Adaptive Security Architecture Methodology
The next step is to develop the security architecture (see: Develop Security Architecture blog), which creates the goal state. This process takes the current state and security-risk profile documented previously and adds the business drivers, prioritized requirements, policy, legal constraints, and so on. From this step, a formal security architecture is developed and shared with the stakeholders to gain consensus.
The final step is to compare the current state with the goal state and to identify the projects that are required to transition the current infrastructure and realize the architecture. From the migration strategy workshop (see: Security Architecture Implementation blog), together with the business units and stakeholders, the viable projects are selected based upon their dependencies, priorities, available resources, and budgets forming the annual plan of infrastructure improvements.
During the next planning year, the process is repeated and the architecture updated with new business requirements, new technologies, new solutions, and so on. A follow-on assessment of the current infrastructure captures improvements together with any new threats, vulnerabilities, and exposures, and documents the new current state and security-risk profile. Performing a gap analysis and migration strategy planning workshop contrasting the new current state and goal state allows an updated plan to be developed for that year.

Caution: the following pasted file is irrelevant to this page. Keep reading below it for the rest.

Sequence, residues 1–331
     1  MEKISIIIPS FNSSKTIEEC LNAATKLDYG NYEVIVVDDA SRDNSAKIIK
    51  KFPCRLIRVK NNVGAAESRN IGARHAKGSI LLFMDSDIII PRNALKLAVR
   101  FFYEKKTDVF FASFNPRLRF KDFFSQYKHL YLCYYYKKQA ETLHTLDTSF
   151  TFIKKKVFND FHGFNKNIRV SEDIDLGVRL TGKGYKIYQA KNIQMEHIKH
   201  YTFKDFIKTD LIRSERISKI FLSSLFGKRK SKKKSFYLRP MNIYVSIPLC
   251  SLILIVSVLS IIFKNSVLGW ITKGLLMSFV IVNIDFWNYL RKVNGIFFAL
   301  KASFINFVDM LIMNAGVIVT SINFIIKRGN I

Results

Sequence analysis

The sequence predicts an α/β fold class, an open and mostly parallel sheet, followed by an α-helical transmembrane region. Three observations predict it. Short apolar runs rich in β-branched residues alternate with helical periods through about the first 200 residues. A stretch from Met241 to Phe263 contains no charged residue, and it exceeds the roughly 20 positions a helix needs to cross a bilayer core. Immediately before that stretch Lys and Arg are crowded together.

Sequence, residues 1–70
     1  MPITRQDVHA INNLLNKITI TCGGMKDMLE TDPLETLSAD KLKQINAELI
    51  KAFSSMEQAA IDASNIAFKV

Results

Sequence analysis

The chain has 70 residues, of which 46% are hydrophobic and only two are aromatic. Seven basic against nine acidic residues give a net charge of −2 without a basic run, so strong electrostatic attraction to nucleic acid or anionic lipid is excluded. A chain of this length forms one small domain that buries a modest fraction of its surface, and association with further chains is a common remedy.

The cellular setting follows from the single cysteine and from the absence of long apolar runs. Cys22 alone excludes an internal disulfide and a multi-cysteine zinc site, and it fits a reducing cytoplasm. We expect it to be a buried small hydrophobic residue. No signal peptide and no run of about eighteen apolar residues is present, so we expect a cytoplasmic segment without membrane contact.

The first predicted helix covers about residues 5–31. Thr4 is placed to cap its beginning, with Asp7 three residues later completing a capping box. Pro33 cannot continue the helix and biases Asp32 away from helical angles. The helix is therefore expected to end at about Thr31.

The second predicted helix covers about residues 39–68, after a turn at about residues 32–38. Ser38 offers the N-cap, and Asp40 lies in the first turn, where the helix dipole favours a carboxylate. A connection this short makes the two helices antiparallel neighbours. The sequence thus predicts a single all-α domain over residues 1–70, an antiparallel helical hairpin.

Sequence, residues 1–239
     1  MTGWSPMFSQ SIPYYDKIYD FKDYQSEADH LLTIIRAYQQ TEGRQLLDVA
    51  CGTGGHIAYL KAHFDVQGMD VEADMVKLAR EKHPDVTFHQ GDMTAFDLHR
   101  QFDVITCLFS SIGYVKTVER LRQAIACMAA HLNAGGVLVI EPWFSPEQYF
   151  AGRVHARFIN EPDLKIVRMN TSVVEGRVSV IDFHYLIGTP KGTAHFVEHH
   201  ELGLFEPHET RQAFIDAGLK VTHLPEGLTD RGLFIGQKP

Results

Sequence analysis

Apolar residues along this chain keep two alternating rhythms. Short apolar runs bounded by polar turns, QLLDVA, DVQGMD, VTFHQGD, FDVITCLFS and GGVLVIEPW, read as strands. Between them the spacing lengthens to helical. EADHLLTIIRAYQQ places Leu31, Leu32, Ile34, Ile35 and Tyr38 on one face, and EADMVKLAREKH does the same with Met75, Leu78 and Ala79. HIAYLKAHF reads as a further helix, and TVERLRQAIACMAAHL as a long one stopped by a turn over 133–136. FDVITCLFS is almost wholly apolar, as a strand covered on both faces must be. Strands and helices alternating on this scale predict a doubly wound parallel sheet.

Adaptive Architecture Value Proposition
Over time, it can be seen (see: Adaptive Architecture Evolution above) that the security architecture is used as a baseline for consensus and direction but that it is active and capable of being updated. This process allows the security architecture to adapt to support the needs of the business. It evolves and sets future objectives. It enables an iterative evolution towards compliance across an applicable regulatory and standards-based Master Compliance Framework.
At the same time, the annual plan sets the stage for the projects that need to occur that year, and the improvements begin to converge towards and track with the architecture. Finally, with the proactive asset, risk, and policy management and infrastructure improvements, the security-risk profile is also managed, resulting in risk reduction. In this manner, not only does the security architecture drive the IT and network infrastructure direction, but it also enables the illustration of tangible results, winning continued support for the program.
The next blogs will cover the Application & System Zoning as well as Application Architecture Taxonomy to untangle the spiders web of complex critical applications and relationships for zone placement, policy and, controls.
Thanks for your interest!
Nige the Security Guy.